The Poverty of Data in African Agriculture

Africa accounts for 60% of the world’s arable uncultivated land, but despite this incredible agricultural potential, 1 in 4 Africans go hungry every year. Although governments, non-profit organizations, and other stakeholders are committed to reducing food insecurity and developing African agriculture, their efforts have been hampered by a scarcity that mirrors the physical shortage of sustenance.  A drought of data and information is having far-reaching and complex effects in many sub-Saharan African nations as they work to end hunger and improve agriculture.

 

There are numerous impediments that limit agricultural production and sustainability in sub-Saharan Africa including:

  • Unproductive farming systems
  • Lack of agricultural innovation
  • Limited research capacity and infrastructur
  • Inconsistent or uninformed agricultural policies
  • Poorly managed biotic and abiotic stressors on crops.
  • Lack of accessible education on farming best practices
  • Inadequate information management tools for farmers and regulatory bodies

Identifying the numerous problems farmers face is not easy simply because quality agriculture data is so sparse.  Even large-scale intervention efforts such as the United Nations Millennium Development Goals Project have experienced setbacks because of lack of quality data. The 2010 MDG Project Report noted the challenges of measuring the progress of sub-Saharan Africa in the absence of robust survey information.

“The lack of good quality surveys carried out at regular intervals and delays in reporting survey results continue to hamper the monitoring of poverty. Gaps are particularly acute in sub-Saharan Africa, where more than half of countries lack sufficient data to make comparisons over the full range of the MDGs…”

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Building statistical capacity in Africa may be a necessary step before real improvement in the agricultural sector can occur.  Of the 44 countries in sub-Saharan Africa rated by the Food and Agricultural Organization, only two are considered to have high standards in data collection, while standards in 21 countries remain low. The validity of existing statistics has been called into question which leads to ill-informed and inconsistent policy decisions that may do more harm than good.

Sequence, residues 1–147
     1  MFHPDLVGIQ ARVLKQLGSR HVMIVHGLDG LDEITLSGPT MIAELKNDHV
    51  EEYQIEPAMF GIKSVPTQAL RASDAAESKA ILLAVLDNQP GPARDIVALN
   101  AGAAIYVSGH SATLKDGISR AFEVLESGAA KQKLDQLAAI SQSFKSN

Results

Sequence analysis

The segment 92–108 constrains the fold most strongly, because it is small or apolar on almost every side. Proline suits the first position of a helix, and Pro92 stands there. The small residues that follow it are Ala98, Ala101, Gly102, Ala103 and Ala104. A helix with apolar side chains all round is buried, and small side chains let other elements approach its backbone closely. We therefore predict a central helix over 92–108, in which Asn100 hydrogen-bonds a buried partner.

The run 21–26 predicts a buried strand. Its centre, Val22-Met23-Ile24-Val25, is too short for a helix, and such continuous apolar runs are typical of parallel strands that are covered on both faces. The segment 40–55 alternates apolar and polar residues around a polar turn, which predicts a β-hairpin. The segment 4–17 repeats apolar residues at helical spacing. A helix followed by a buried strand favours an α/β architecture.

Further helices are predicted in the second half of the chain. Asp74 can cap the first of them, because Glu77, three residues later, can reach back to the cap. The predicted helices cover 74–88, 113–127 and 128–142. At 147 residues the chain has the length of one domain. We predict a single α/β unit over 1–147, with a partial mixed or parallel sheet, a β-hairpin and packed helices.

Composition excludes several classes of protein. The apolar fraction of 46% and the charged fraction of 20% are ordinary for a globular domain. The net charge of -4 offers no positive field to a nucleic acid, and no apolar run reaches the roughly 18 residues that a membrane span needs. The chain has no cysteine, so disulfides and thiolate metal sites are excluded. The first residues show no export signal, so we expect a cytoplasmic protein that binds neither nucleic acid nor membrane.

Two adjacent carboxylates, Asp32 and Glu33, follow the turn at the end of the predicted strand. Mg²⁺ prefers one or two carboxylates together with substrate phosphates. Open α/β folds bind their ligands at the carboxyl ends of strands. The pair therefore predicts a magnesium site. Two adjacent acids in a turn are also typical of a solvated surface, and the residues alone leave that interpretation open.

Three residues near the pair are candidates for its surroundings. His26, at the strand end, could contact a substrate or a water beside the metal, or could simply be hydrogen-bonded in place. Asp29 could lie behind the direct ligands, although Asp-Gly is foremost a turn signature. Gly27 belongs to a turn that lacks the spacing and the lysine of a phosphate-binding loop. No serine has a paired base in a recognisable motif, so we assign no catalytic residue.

The absence of agricultural data is a serious, but often overlooked problem; however certain strategies could greatly improve the way data are collected and analyzed.  Below are several suggested approaches that would transform the state of agriculture data in Africa:

How to improve quality data acquisition and analysis

  • Leveraging mobile technology as data gathering tools
  • Developing more accessible data collection systems
  • Creating agencies and providing training to monitor progress
  • Integrating crop data with climate data to create data visualization and predictive models
  • Improving data sharing coordination between governmental agencies and nonprofits
  • Standardizing data collection and visualization methods for a common open access platform

Of these proposed solutions, one of the most novel is the potential use of mobile phones for data collection and tracking.  Where countries may lack the human or monetary resources to carry out effective survey taking or census, the high penetrance of mobile phones makes it possible to collect data from numerous  farmers in a rapid and cost efficient manner. This solution also standardizes the format of collected data and would improve the process and accuracy of analysis and interpretation. Mobile technology may also be used to take many data points over the course of planting and harvesting seasons so that trends could be identified and treatment mitigation strategies may be formulated for crop disease outbreaks and pest management.